US President Joe Biden and Republican House Leader Kevin McCarthy are currently locked in negotiations on how to raise the debt limit — the maximum amount of debt the Treasury Department can borrow to fulfil its financial commitments. Analysts believe that the US debt ceiling gets approved at the last minute as the government cannot afford to default on its own debt as it remains one of the most secure markets for investors

The US defaulting on its debt could seriously affect energy markets but the chances of that happening are “exceedingly low”, according to S&P Global Commodity Insights. ”A default would take currency markets to places ‘the world’s not seen before’ and that would affect energy prices and trading as most of the crude oil is exchanged using the US dollar”, it added.

Last week, the dollar came off a two-month top against a basket of major peers as investors expect the Federal Reserve to keep rates unchanged at its June meeting. A softer greenback makes dollar-denominated commodities more attractive to investors. On the other hand, a stronger dollar makes dollar-denominated oil more expensive for holders of other currencies.

The global oil market also faces uncertainty from potential actions by the Group of Seven (G7) countries to further enforce price caps on Russian energy exports. In December 2022, the European Union (EU) and the G7 announced a price cap of $60 a barrel on global purchases of seaborne Russian crude. This was followed by caps on Russian petroleum exports in February 2023.

What’s happening in Asia?

India’s oil imports from Russia rose to a fresh record high in April, reducing the share of Middle Eastern and African grades to their lowest level in at least 22 years. Asia’s third-largest economy imported 1.9 million bpd of Russian oil in April, about 4.4 per cent higher than March, which accounts for about two-fifths of the nation’s overall purchases.

Russia remained the top oil supplier to India for the sixth-straight month in April, followed by Iraq and Saudi Arabia. This narrowed the share of the Middle Eastern grades, which traditionally accounted for the bulk of total oil imports, to about 44 per cent and African oil to 3.4 per cent last month, according to Reuters data.

Most recently, Chris Wood of global investment banking firm Jefferies wrote in his GREED & fear newsletter that India’s “increased national self-confidence” has been manifested on the world stage in the past year and more in regards to its purchasing of cheap Russian oil.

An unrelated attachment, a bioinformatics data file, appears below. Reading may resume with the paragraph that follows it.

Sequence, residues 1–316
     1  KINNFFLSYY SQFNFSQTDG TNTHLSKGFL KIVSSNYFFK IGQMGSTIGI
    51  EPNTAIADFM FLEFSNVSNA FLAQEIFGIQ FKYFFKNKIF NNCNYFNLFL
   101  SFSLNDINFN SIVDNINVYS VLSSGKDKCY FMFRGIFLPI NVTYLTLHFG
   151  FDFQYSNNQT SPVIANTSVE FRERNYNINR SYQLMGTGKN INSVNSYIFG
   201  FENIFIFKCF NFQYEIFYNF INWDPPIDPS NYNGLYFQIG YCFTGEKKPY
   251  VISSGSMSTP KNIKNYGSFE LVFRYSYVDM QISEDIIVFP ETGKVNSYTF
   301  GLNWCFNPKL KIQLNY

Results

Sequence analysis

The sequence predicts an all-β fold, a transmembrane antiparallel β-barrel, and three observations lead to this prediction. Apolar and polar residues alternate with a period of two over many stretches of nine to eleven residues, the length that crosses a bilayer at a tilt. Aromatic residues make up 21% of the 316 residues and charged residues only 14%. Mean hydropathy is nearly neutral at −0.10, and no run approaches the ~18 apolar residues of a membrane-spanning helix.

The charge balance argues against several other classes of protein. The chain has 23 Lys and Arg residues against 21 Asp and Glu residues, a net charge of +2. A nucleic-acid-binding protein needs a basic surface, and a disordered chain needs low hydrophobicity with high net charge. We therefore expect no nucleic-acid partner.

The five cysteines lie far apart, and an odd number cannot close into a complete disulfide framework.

On the other hand, top oil consumer China is expected to witness a fresh COVID wave towards the end of June with as many as 65 million cases per weak upon the spread of the latest XBB Omicron variant, after the country’s economic growth slowed down in the first quarter of current fiscal.

Analysts reckon that China’s demand is expected to pick up widely in the second half of the year, but the softer demand in near-term is expected to swell at a slower rate.

China and India, two of the world’s top three importers, had become Russia’s biggest customers after the West imposed sanctions on Russian oil post the outbreak of the Ukraine war. Reduced buying by both the Asian giants would force Russia to chase other customers.

What’s next?

The International Energy Agency upgraded its forecast for 2023 oil demand by 200,000 bpd to 102 million bpd, adding that the oil market faces a supply crunch in the second half of the year.

“The current market pessimism, however, stands in stark contrast to the tighter market balances we anticipate in the second half of the year, when demand is expected to eclipse supply by almost 2 million bpd,” said the said the Paris-based agency gathering of the 31 mostly industrialised countries and much of the EU.

In addition, OPEC’s global oil demand forecast for 2023 was held steady for the third month in May, with the producer group citing the potential Chinese growth to be offset by downside economic risks elsewhere such as the US debt ceiling. The world oil demand in 2023 will rise by 2.33 million bpd, or 2.3 per cent, OPEC said in its monthly report.

After surging to nearly $140 a barrel last year, Brent, the benchmark for two thirds of the world’s oil, is currently trading below $80 a barrel — a level deemed comfortable for most oil-buying nations, according to S&P Global Commodity Insights.

S&P Global expects oil prices to stay in the ‘mid-to-high 80s’ for the remainder of this year into next. The firm is also bullish on prices in the short to medium term as limited spare production capacity in the market makes crude price rises more likely.

According to Bank of America, oil prices will return to above $80 per barrel in the second half of this year and could continue rising toward $90 due to a deepening supply deficit. Analysts in the latest monthly Reuters survey also see prices rising toward $90 per barrel by the end of this year, driven by Chinese demand and a tightening market following OPEC+’s latest production cuts.

Source: Livemint